Callendar House Mausoleum

In 1815 the first William Forbes of Callendar died and his trustees commissioned the London-based Scottish architect Archibald Elliot (1760-1823) to design a mausoleum.  Of the three designs submitted the one chosen took the form of a circular Doric temple 45ft tall.  It was constructed in the wood about half a mile from the house and can be seen towering above the trees at the far end of the loch in the print of 1818.   The heavily rusticated podium supports a cella and a peristyle of twelve columns under a ribbed stone paved roof.  The building is set within a circular enclosure 96m in diameter surrounded by a thick stone wall capped by huge, dressed copes.  Unfortunately, the trees now obscure it from view.  The estimated cost was £2,370, most of which was for the Brightons sandstone and the work of the mason, James Hendrie.  The latter’s initials are carved on the roof, out of sight.  Ironically, it is unlikely that William Forbes himself would have approved of such profligacy.

Illus 18: Sectional and Elevation Views of the Mausoleum.

Above the doorway of the Mausoleum there is an inscription in Greek which appears to be a verse by the poet Lucian.  A free but reasonably accu

The stunted entrance porch lies on the north side and is contained entirely within the podium.  Above the door a panel bears a Greek inscription which is a couplet from Lucian –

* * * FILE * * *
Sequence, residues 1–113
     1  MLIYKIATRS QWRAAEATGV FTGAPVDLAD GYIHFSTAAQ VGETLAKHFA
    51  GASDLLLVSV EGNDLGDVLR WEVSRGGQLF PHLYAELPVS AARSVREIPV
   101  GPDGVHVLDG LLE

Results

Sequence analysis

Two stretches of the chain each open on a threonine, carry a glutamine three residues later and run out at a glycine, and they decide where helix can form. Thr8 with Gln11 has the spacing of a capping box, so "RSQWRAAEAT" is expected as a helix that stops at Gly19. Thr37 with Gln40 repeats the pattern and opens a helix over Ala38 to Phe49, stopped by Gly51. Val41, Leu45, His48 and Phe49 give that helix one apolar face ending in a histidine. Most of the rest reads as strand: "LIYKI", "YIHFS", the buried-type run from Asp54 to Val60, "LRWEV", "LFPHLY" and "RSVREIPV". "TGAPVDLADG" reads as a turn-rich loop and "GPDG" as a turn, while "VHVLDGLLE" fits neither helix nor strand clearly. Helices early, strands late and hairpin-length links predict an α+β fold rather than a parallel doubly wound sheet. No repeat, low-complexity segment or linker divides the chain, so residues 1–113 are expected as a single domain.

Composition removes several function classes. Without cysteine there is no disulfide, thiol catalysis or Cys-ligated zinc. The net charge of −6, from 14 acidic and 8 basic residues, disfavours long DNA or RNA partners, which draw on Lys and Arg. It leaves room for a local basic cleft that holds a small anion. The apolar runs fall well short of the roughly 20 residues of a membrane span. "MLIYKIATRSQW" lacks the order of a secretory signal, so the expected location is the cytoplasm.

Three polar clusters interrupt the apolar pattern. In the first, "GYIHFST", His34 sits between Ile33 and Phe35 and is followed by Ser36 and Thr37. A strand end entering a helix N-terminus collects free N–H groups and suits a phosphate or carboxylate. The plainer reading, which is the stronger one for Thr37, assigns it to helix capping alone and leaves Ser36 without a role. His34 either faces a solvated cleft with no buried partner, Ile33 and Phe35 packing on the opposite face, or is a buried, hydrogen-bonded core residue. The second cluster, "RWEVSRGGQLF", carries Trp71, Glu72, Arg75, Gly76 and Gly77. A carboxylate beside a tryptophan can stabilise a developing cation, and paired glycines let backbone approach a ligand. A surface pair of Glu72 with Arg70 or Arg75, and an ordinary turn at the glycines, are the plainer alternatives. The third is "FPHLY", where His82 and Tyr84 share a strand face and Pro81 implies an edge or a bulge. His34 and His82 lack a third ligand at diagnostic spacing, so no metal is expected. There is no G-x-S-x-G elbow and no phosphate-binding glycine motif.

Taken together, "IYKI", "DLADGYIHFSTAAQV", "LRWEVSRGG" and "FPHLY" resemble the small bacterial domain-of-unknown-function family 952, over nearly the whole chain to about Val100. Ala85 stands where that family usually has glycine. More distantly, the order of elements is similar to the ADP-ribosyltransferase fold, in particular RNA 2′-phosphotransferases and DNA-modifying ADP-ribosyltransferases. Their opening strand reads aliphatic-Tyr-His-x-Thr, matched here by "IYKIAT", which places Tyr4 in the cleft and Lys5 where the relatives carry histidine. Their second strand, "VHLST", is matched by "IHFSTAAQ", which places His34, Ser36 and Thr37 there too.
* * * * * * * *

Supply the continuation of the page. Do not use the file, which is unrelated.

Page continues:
It can be translated as :

“Mortals; possessions are mortal, and all things pass us by; 
if not, at any rate we pass them by”. 

Inside the building three tiers of rectangular alcoves are arranged in the thickness of the podium wall, alternating between perpendicular and tangential to the circular interior, to receive the bodies of the deceased – 21 in all.  The first William Forbes of Callendar was placed here in 1816, the year after his death.  In 1866 it was the turn of Rose O’Hara, the Irish wife of William Forbes the second.  Other occupants include Colonel Charles Forbes (1948) and William Dudley Forbes (1977).  Large vents are placed high in the cella walls and the top is domed to support the roof slabs.

Illus: The Mausoleum looking north-east.



The building is set within a circular enclosure some 96m in diameter surrounded by a substantial stone wall – its symmetry undisturbed by the rapidly changing ground contours.  Outside of this is a shallow ditch.  In the east this is crossed by a causeway leading to an entrance flanked by tall square pillars and closed by a cast iron gate furnished with an urn monument. 

The occupants of the Mausoleum include:

  • 1816    William Forbes (I)
  • 1845    Lady Louisa Antoinette Forbes
  • 1855    William Forbes (II)
  • 1866    Rose O’Hara
  • 1902    Captain Henry Dudley Forbes
  • 1906    youngest son of Charles Forbes
  • 1914    William Forbes (III)
  • 1951    Jean Forbes
  • 1977 William Dudley Forbes

Each was buried according to Episcopalian rites.

In 1964 the grave monuments to the estate servants were transferred from the walled garden into this enclosure, a little west of the mausoleum, in advance of the construction of the college of education.  The enclosure still belongs to the Forbes family, but is frequently visited by the public, including a number of vandals.  Graffiti abounds on the walls.  In 1993 the metal mausoleum door was replaced by a concrete barrier.  The servant’s stones have been smashed to pieces.

Callendar House Mausoleum   SMR 577                     NS 9039 7899

G.B. Bailey, 2021